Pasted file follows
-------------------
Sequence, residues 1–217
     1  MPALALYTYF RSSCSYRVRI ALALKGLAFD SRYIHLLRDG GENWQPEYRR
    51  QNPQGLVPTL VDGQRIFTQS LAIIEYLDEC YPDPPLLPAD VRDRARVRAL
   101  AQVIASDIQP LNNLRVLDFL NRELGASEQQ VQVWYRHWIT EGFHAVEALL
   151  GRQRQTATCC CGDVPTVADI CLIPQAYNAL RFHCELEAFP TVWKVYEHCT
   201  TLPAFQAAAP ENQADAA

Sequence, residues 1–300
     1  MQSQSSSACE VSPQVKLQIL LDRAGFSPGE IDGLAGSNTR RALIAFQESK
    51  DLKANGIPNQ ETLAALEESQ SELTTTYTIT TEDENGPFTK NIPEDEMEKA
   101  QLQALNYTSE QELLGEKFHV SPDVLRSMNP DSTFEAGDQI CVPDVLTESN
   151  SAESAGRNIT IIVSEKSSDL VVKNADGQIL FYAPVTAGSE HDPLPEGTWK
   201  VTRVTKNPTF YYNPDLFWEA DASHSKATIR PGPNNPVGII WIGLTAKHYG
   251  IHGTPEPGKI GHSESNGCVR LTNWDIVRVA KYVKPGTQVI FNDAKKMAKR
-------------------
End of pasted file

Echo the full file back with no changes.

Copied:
Sequence, residues 1–217
     1  MPALALYTYF RSSCSYRVRI ALALKGLAFD SRYIHLLRDG GENWQPEYRR
    51  QNPQGLVPTL VDGQRIFTQS LAIIEYLDEC YPDPPLLPAD VRDRARVRAL
   101  AQVIASDIQP LNNLRVLDFL NRELGASEQQ VQVWYRHWIT EGFHAVEALL
   151  GRQRQTATCC CGDVPTVADI CLIPQAYNAL RFHCELEAFP TVWKVYEHCT
   201  TLPAFQAAAP ENQADAA

Sequence, residues 1–300
     1  MQSQSSSACE VSPQVKLQIL LDRAGFSPGE IDGLAGSNTR RALIAFQESK
    51  DLKANGIPNQ ETLAALEESQ SELTTTYTIT TEDENGPFTK NIPEDEMEKA
   101  QLQALNYTSE QELLGEKFHV SPDVLRSMNP DSTFEAGDQI CVPDVLTESN
   151  SAESAGRNIT IIVSEKSSDL VVKNADGQIL FYAPVTAGSE HDPLPEGTWK
   201  VTRVTKNPTF YYNPDLFWEA DASHSKATIR PGPNNPVGII WIGLTAKHYG
   251  IHGTPEPGKI GHSESNGCVR LTNWDIVRVA KYVKPGTQVI FNDAKKMAKR